Edouard LALO (1823-1892)
Symphonie Espagnole Op. 21 [32:43]
Pablo de SARASATE (1844-1908)
Max BRUCH (1838-1920)
Violin Concerto No. 1, Op. 26 [23:07]
Renaud Capuçon (violin)
Orchestre de Paris/Paavo Järvi
rec. Grand Salle, Philharmonie de Paris, 2015
ERATO 2564698276 [65:47]
These recording were made at the home of Orchestre de Paris, Philharmonie de Paris, which opened in early 2015. Renaud Capuçon gives us a generous programme: three contrasting romantic works show off his many qualities. His playing is very refined, thoughtful and immaculate, with hardly an ugly note to be heard. The tone is dark and quite husky in the lower register, which really suits the contemplative and romantic passages in the Lalo and the Bruch. The virtuoso quicksilver passages are played with tremendous clarity and perfect articulation.
Capuçon shares a birthday with Edouard Lalo; his performance of the Symphonie Espagnole, given here in its complete five-movement form, is extremely fine. Orchestra and soloist present the work as a serious piece, resisting the temptation of simply turning it into a virtuoso showpiece. The soloist’s playing in the second subject of the opening Allegro non troppo and the Andante is gorgeous, while the delicate, scampering passages in the Scherzando and the Rondo are played with tasteful virtuosity. Capuçon seems to me to get the balance just right. This is a marvellous work, and this recording is one of the best available.
Unlike the rather neglected Lalo, the Bruch Concerto is one of the repertoire’s most celebrated concertos. It is given a heartfelt and fresh sounding reading, with the central Adagio really singing out. There is a slight disagreement between soloist and conductor about the tempo at the opening of the Finale but that quickly passes. It is of little consequence in judging the performance as a very enjoyable whole. The rambling, tuneful Zigeunerweisen sits between the two main works on the CD. It allows the soloist to let his hair down in eight minutes of pure pleasure.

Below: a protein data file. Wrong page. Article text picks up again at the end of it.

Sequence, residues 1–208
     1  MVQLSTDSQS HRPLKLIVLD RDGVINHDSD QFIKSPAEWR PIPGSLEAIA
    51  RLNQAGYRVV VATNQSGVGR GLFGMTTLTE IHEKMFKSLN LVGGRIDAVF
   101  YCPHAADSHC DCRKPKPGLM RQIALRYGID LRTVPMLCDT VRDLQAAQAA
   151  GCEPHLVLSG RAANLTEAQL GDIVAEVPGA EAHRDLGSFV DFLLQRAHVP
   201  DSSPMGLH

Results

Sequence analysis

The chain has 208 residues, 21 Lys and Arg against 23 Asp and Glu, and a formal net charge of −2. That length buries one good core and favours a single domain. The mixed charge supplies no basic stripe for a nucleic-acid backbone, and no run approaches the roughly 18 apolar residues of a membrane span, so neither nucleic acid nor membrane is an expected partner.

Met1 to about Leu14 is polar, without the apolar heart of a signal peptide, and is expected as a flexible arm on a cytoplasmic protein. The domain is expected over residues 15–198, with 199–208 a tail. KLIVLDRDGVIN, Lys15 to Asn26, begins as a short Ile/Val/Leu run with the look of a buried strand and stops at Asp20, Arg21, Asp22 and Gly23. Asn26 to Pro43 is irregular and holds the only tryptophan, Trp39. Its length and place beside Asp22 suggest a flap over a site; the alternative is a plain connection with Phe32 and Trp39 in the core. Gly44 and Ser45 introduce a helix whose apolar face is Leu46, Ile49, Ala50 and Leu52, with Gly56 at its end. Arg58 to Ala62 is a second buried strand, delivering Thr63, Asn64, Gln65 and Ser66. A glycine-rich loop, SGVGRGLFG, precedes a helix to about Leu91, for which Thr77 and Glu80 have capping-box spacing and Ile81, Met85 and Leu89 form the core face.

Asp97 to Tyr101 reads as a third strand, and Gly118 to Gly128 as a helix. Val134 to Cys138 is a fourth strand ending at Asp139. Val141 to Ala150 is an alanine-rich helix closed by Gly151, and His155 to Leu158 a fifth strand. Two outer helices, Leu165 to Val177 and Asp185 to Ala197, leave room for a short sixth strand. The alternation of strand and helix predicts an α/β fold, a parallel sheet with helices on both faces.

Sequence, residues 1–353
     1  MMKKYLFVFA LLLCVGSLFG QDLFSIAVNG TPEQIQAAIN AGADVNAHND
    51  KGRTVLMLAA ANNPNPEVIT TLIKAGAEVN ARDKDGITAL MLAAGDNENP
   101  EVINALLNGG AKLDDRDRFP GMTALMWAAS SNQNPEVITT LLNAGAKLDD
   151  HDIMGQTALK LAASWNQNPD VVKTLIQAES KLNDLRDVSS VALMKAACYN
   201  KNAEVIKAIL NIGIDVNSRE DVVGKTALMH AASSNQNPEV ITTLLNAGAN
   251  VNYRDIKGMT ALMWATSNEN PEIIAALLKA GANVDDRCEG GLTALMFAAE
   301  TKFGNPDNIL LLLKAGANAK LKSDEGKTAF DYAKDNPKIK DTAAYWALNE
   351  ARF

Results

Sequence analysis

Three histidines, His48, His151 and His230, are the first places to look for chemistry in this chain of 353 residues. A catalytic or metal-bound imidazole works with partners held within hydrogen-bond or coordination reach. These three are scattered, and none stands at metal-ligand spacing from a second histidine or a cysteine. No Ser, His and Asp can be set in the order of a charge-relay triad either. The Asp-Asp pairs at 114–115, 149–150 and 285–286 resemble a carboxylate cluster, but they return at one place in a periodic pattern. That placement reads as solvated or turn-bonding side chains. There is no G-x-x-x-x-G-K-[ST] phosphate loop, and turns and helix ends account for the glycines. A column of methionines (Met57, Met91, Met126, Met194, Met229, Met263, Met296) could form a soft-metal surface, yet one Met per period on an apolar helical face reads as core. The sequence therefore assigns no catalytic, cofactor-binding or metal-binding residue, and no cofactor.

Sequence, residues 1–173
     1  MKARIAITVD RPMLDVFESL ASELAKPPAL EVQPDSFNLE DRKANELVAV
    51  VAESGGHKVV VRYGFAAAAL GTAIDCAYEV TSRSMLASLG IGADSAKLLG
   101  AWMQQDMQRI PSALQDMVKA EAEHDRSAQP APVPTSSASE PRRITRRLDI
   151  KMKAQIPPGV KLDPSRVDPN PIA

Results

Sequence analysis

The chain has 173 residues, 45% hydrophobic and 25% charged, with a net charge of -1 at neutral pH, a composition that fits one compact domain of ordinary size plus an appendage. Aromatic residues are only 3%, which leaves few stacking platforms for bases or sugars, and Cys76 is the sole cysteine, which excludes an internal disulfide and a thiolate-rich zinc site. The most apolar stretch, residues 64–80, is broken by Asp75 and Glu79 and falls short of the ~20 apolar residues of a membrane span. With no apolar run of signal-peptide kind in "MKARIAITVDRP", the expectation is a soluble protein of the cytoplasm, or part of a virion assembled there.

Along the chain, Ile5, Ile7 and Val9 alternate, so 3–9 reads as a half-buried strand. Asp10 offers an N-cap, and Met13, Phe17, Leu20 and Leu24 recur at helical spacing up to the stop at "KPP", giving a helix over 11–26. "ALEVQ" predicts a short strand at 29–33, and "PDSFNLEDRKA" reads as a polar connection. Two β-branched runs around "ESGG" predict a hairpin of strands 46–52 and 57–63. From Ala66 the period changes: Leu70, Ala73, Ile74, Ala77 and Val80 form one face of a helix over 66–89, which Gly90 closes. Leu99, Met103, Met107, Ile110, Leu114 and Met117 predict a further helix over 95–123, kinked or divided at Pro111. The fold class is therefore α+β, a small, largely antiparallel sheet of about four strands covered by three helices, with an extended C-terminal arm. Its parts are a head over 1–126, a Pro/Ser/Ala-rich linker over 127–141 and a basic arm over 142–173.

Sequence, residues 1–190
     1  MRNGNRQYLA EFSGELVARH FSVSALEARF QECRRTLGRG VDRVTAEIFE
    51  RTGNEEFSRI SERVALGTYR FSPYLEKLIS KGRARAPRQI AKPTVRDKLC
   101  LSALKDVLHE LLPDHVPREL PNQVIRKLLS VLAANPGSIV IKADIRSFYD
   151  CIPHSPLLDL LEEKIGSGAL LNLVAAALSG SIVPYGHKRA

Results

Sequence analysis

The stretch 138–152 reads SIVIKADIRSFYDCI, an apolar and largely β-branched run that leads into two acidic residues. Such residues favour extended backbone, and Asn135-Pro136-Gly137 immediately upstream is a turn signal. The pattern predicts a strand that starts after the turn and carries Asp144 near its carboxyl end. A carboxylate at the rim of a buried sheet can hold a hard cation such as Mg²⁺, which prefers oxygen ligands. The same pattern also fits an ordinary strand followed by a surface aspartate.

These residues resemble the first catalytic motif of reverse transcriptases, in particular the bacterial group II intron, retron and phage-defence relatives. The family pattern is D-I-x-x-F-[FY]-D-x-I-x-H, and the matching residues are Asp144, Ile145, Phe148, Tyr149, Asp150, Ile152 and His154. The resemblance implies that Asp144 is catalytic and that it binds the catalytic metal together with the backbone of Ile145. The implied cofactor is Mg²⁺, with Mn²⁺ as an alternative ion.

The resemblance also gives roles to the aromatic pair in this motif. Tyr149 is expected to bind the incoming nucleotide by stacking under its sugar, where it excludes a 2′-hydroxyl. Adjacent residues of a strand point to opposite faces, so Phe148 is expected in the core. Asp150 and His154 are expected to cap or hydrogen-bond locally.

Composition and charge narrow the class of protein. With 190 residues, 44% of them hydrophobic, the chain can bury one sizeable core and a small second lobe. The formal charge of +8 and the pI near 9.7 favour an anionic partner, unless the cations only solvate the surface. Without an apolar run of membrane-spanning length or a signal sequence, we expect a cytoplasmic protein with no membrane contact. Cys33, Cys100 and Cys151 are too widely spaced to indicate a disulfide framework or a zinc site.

This is a really satisfying CD, and the soloist is well supported by the Orchestre de Paris conducted by Paavo Järvi. Capuçon is recorded with great clarity and presence. Just occasionally the forward placing masks the woodwind lines, but only marginally so. Recording is sweet but with a limited dynamic range. The soloists’s playing will appeal to those who look for refinement of tone and clean articulation first and foremost. Maybe some listeners will feel that there is something missing in terms of fire and aggression An example is the way the main theme of the first movement of the Bruch is presented in a rather laid-back fashion. It does not have the histrionic quality favoured by so many but that is not Capuçon’s way. His concentration throughout is all about making a beautiful, expressive sound and that, for me, is where he really scores.
Previous review: Michael Cookson